This week the Oxford and Cambridge University Football Clubs revealed that, for the first time in history, both the women’s and men’s teams will play on the same day at the same venue.
The news follows successful negotiations with Barnet Football Club, whose stadium, The Hive, will serve as the battleground for the biggest match on the Oxbridge football calendar, taking place on Sunday 19th March.
Both the men’s and women’s teams showed integrity, co-operation, and determination in achieving this outcome, with the former turning down the chance to play at the more prestigious venue – Championship side Fulham’s home ground, Craven Cottage.
This stadium offered a greater capacity, a more central location, and was supported by Cambridge United, the professional club which has strong ties with Cambridge University. However, Fulham refused to host a double-header, deciding that their pitch would not be able to take the strain of two games in one day so far into the season.
For the first time in history, both the women’s and men’s teams will play on the same day at the same venue.
The decision is a step in the direction of equality in sport. May Martin, president of Oxford University Women’s Association Football Club, was delighted by the move and the part that OUAFC, the men’s equivalent, played in securing a deal for the event. “The double-header is a chance for us to bring women’s football to the same stage as the men’s, and to have OUAFC so behind the double header and willing to make sacrifices to create this opportunity means a lot to the club.”
Holding the matches at the same location on the same day will no doubt boost the attendance of spectators for both teams and raise the profile of the Varsity Football Match.
Caroline Ward, captain of the OUWAFC Blues team, was equally pleased and is looking forward to the momentous occasion. “I feel incredibly privileged to be captaining the Oxford side in the first ever double-header Varsity game and be part of the immense development of women’s football that has taken place since I started playing as a young girl. It is set to be an historic event in a truly modern way.”
This will be the first of 132 Varsity Matches in which the men and women have played on the same day, at the same place.
Oxford already has a burgeoning women’s football scene, with participation in college football growing year on year. Recently, the women’s team from Queen’s College fell to a closely fought 2-1 defeat against a side from Oxford Brookes. The impressive nature of this result is found in the fact that the college team is selected from approximately 150 female students compared to the 5000 plus that attend Brookes.
However, there is still a long way to go in the quest to put men’s and women’s football on an equal footing. Even today the women’s game has been largely overshadowed by the men’s. May Martin, for one, laments the lack of opportunities in her sport. “Growing up playing football, there was always the knowledge that it was never going to go anywhere because women’s football just wasn’t big enough, and I couldn’t really understand why back then.”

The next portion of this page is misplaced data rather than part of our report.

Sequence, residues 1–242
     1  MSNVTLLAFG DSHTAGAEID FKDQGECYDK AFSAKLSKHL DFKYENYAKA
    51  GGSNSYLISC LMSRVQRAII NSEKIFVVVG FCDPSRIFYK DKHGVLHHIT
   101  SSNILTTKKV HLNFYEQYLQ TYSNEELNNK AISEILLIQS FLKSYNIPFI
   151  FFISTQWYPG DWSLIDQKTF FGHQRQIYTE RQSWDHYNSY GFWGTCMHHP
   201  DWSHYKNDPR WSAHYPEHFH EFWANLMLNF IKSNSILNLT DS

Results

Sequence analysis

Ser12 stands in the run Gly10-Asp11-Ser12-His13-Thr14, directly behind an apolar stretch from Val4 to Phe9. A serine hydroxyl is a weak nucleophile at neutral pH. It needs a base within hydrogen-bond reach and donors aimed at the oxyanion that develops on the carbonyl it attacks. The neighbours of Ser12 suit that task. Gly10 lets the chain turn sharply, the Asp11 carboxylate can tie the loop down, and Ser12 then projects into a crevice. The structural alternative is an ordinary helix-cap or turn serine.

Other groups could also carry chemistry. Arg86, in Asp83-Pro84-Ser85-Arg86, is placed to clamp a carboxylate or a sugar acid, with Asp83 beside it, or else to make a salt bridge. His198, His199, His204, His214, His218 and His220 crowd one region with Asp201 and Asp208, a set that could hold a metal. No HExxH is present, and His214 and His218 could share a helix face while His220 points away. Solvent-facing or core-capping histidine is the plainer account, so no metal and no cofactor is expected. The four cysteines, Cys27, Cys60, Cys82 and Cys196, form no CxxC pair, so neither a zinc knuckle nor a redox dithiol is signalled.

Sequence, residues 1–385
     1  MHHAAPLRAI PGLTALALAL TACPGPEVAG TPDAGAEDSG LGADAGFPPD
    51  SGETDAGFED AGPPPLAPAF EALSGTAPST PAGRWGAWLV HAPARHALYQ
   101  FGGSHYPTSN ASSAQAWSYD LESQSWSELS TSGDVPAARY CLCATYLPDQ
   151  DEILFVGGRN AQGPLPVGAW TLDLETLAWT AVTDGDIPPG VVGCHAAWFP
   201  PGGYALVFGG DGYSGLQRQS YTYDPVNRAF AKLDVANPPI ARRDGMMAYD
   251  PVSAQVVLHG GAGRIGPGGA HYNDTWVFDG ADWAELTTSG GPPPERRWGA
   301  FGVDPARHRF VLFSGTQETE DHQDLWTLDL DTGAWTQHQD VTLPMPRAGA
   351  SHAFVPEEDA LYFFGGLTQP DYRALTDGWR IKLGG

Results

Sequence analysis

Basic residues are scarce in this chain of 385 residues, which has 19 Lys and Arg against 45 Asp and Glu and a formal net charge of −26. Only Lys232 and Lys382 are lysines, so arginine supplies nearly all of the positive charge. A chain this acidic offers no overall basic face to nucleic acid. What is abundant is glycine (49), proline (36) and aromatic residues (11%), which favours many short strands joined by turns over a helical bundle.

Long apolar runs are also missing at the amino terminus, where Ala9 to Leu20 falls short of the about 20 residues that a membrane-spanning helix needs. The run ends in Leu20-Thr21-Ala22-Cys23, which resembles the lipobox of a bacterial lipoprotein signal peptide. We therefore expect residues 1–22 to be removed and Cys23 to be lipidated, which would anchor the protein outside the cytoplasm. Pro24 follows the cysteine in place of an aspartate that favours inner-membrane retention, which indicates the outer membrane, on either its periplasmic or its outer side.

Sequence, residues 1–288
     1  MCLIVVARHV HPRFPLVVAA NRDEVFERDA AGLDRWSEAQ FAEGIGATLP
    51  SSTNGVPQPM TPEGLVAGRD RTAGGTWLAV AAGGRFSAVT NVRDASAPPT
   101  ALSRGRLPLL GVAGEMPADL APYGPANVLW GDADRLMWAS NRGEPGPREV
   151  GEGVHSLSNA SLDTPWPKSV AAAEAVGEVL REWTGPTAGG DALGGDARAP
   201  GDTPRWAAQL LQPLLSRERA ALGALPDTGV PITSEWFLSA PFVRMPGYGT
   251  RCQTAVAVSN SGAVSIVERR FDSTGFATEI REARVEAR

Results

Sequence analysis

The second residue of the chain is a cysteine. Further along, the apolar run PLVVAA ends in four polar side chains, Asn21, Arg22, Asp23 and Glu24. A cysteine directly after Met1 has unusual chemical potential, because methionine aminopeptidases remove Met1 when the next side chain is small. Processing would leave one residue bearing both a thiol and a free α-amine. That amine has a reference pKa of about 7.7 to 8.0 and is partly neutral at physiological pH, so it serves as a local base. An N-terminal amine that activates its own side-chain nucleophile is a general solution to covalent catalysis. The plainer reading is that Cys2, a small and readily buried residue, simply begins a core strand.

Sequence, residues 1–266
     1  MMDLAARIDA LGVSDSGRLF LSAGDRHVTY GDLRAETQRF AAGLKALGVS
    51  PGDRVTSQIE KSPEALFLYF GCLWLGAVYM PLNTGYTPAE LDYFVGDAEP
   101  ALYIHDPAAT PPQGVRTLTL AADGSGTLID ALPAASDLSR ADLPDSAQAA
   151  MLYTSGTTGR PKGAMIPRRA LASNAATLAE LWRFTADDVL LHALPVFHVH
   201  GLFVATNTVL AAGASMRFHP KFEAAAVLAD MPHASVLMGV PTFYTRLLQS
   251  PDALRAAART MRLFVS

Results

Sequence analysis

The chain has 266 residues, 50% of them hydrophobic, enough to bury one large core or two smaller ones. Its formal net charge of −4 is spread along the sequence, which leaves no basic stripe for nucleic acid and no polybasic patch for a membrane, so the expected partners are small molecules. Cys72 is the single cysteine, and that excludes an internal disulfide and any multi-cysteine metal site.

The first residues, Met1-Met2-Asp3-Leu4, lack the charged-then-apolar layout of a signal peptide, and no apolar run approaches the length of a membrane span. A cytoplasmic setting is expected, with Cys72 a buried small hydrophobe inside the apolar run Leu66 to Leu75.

Perhaps due to this disparity in focus on women’s football, the women’s firsts this season are performing slightly worse than their male counterparts, facing a relegation battle at the bottom of the Midland 1A division of BUCS after just one win in eight games while the men’s firsts are just two points behind Nottingham Trent firsts at the top of the equivalent division. However, the women’s team can boast a 1-0 win in last year’s Varsity Match – a positive sign as thoughts turn to next month’s game
Turning to the future, John Dinneen, president of the Oxford University Association Football Club (OUAFC), praised the hard work of his peers, but admits that the work is far from over. “Everyone within the club has been supportive of the decision but the hard work only stops once we have made the event a success this year and a financially sustainable prospect for years to come.”
There is still a long way to go in the quest to put men’s and women’s football on an equal footing.
Unlike Fulham, Barnet have shown great support for the event, telling OUAFC they “are confident that your event will be a success and it will be a no-brainer to return.”
Following this year’s event, which will serve as a trial run, the club have offered a three-year contract with the universities to ensure the sustainability of the double-header for the foreseeable future.
Blues captain Laurence Wroe was glad that a long-standing ambition of the men’s and women’s clubs has finally been achieved: “This has been our aim for a couple of years now and we see it as the future of the football varsity match.”
Keep a lookout for our interviews with him and Caroline Ward, captain of the OUWAFC Blues, in which they will give us a preview to the historic double-header later on in term.